What to Watch on Jobs Day: Unveiling a New Nominal Wage Tracker

EPI has long documented wage trends. We have tracked real (inflation-adjusted) wage growth over the last month, over this business cycle, over the last 35 years, and over the last 60 years. What we measure when we look at real wages is how well workers and their families are doing—whether their wages are keeping up with inflation and whether the vast majority of Americans are seeing any increase in their standards of living. And, we’ve also proposed ways to Raise America’s Pay.

But wages can provide information on issues besides just the state of American living standards. They can also be a key indicator of macroeconomic health. One example is the degree to which wage growth puts upward pressure on prices. The Federal Reserve’s mandate is to balance the benefits of low unemployment versus the benefits of keeping inflation stable. One sign of growing inflationary pressure is when nominal (not real) wages are rising significantly faster than the Fed’s target rate of inflation (currently 2 percent, which is not set in stone but which is widely acknowledged to be what the Fed is aiming for) plus productivity growth (between 1.5 to 2 percent). The fact is that nominal wages have been growing far slower than any reasonable wage target for the last five years.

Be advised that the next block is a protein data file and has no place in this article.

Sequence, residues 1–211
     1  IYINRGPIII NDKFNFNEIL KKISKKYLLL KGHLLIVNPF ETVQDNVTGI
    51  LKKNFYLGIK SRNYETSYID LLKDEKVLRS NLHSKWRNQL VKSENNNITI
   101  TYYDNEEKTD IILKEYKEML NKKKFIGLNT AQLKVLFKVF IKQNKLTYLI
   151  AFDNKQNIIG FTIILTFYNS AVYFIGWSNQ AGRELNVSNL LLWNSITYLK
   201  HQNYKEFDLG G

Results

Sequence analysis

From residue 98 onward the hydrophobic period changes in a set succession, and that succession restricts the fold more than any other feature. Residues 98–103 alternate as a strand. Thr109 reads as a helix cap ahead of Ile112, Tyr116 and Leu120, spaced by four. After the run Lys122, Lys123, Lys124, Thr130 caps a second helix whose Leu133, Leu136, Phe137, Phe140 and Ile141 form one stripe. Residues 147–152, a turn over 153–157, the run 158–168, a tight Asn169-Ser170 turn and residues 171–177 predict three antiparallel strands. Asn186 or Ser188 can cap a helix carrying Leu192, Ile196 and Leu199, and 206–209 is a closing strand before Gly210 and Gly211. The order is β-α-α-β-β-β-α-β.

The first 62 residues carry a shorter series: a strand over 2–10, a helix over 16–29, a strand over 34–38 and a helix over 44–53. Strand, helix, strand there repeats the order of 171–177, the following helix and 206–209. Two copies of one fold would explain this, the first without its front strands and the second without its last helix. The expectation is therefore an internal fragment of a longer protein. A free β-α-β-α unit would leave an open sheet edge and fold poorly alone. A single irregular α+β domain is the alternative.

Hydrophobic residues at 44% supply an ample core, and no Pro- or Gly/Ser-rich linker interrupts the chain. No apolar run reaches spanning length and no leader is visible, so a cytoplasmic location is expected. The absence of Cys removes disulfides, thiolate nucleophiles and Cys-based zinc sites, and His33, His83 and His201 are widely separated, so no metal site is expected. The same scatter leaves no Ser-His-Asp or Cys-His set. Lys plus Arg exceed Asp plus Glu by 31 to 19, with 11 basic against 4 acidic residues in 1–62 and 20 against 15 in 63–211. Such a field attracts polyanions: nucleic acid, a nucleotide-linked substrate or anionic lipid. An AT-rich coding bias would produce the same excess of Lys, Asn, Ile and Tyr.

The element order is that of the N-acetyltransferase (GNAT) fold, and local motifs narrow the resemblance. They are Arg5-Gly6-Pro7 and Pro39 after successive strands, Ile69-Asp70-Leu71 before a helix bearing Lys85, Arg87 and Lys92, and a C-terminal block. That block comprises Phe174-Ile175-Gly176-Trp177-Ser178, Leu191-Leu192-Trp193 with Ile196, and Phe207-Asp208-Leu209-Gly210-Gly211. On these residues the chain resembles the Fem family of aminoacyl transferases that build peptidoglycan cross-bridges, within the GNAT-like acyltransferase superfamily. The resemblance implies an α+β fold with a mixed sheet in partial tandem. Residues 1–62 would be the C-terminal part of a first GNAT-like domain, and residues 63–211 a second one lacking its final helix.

Tomorrow, we are unveiling our new Nominal Wage Tracker, which will host the most up-to-date information on nominal wages, released every month with the Bureau of Labor Statistics’ Employment Report. We will explain how slow wage growth continues to be a key signal of how far the U.S. economy is from a full recovery. In addition, we will track the cumulative effect of the ongoing failure of wages to hit target levels, and how this relates to labor’s share of corporate income.

Given this, the Nominal Wage Tracker will be a key tool to analyze whether the Federal Reserve should take action in the near-term to slow the economy. So far the wage tracker data shows that we are far from a full recovery. And, sluggish nominal wage growth is a key sign that there’s still too much slack remaining in the labor market.